That phrase sounds a little similar to ‘God From the Machine’, better known as deus ex machina in fiction in the original Latin, which has emerged as a symbolic description over the years in narrative terms whereby the resolution of a plot comes at the hand of a character or object, equivalent in relative terms to a God, which quickly and unexpectedly solves the insoluble problem faced by the protagonists.

This doesn’t equate directly to Ready Player One, because the deus ex machina is coded into the very DNA of the entire concept behind that fictional world; James Halliday, the programmer and creator of the OASIS, developed a world he wanted to give back to the people once they found him, his soul essentially, deep inside the hidden corners of the machine.

Mute (2018)

The tagline for Mute is “he doesn’t need words”. Honestly, the same can’t be said for the audience watching Duncan Jones’ latest picture.

Mute is either surprising or possibly to be expected, depending on where you stand on Jones as a filmmaker. Removing the interesting fact that he’s the son of David Bowie, Jones comes across as a nice guy of cinema. He’s active on social media and welcoming and friendly to his audience, often sharing storyboards and nuggets of detail about his upcoming movies. Yet he’s been on something of a downward curve over the past couple of years. Warcraft, his take on the world-renowned MMORPG World of Warcraft, was a painfully dull mess of an adaptation. Mute takes him back to his original screenplay roots but, sadly, said dullness appears to have followed him from the unsuccessful swords and sorcery blockbuster.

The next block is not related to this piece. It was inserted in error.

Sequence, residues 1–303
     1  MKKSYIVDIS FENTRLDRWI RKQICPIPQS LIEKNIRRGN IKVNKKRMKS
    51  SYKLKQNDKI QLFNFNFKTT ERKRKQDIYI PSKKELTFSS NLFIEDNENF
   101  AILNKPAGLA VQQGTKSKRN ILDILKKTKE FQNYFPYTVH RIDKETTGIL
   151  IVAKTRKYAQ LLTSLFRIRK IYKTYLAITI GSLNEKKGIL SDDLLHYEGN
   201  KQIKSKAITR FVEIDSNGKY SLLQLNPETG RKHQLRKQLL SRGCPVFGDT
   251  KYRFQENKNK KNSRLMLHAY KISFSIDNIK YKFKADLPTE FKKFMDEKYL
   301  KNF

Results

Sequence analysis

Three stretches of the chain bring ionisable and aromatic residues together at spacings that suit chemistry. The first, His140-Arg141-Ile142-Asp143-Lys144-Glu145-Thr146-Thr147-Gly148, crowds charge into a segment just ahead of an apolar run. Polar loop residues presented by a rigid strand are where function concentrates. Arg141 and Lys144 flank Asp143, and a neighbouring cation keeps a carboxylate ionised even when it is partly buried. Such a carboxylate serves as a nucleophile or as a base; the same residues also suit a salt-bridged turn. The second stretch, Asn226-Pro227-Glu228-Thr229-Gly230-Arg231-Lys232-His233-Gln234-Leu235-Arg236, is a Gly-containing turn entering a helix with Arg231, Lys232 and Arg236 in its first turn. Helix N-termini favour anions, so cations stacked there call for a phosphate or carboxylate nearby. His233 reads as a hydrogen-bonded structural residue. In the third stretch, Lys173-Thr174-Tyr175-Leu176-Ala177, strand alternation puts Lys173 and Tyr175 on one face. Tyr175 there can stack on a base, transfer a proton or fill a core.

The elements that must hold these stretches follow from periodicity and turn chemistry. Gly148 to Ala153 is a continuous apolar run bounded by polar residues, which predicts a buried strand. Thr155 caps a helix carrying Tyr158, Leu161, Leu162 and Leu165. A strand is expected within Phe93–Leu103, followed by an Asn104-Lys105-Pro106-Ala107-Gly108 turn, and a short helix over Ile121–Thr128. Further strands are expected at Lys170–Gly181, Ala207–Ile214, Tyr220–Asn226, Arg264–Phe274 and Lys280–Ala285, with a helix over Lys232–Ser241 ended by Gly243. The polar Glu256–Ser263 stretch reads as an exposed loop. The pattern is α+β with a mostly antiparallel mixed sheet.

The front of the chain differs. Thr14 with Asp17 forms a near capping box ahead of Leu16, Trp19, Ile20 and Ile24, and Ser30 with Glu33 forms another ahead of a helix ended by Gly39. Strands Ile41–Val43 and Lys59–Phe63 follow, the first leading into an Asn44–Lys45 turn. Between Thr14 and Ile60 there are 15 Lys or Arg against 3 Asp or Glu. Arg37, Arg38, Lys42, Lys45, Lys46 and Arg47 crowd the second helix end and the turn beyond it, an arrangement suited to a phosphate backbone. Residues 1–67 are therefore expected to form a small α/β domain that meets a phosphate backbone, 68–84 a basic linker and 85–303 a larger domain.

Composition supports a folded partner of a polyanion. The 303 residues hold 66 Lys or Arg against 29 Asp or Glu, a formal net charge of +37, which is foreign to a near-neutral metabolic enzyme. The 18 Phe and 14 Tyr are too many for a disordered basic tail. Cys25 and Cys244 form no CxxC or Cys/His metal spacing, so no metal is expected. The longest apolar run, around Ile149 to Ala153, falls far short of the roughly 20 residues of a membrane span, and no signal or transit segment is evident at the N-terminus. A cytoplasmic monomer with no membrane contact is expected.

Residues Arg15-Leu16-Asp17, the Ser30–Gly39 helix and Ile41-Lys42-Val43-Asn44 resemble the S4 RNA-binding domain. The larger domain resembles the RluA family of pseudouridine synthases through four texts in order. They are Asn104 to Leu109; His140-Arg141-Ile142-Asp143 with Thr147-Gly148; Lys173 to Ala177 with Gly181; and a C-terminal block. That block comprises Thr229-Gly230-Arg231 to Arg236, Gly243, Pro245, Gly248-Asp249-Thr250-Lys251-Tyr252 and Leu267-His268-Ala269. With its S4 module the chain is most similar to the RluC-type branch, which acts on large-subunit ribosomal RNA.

There is almost certainly a reason why filmmakers don’t traditionally set movies around protagonists who don’t talk, and Mute exemplifies that singular problem. Alexander Skarsgard is Leo, a bartender in a ‘future-punk’ Berlin who also happens to be mute following a boating accident as a child, falls in love with Naadirah, an exotic young woman who works at the same club. When she disappears, so begins a hunt across the skyscraper-filled metropolis by Leo to track her down, facing a range of eccentrics, weirdos, gangsters (such as Paul Rudd’s Cactus Bill) and paedophiles (his brother Duck, played by Justin Theroux) along the way. Such a synopsis makes Mute sound, however, much more engaging than Jones’ meandering, listless and unformed script delivers in reality. From early on, Mute doesn’t seem to have any idea of its own identity.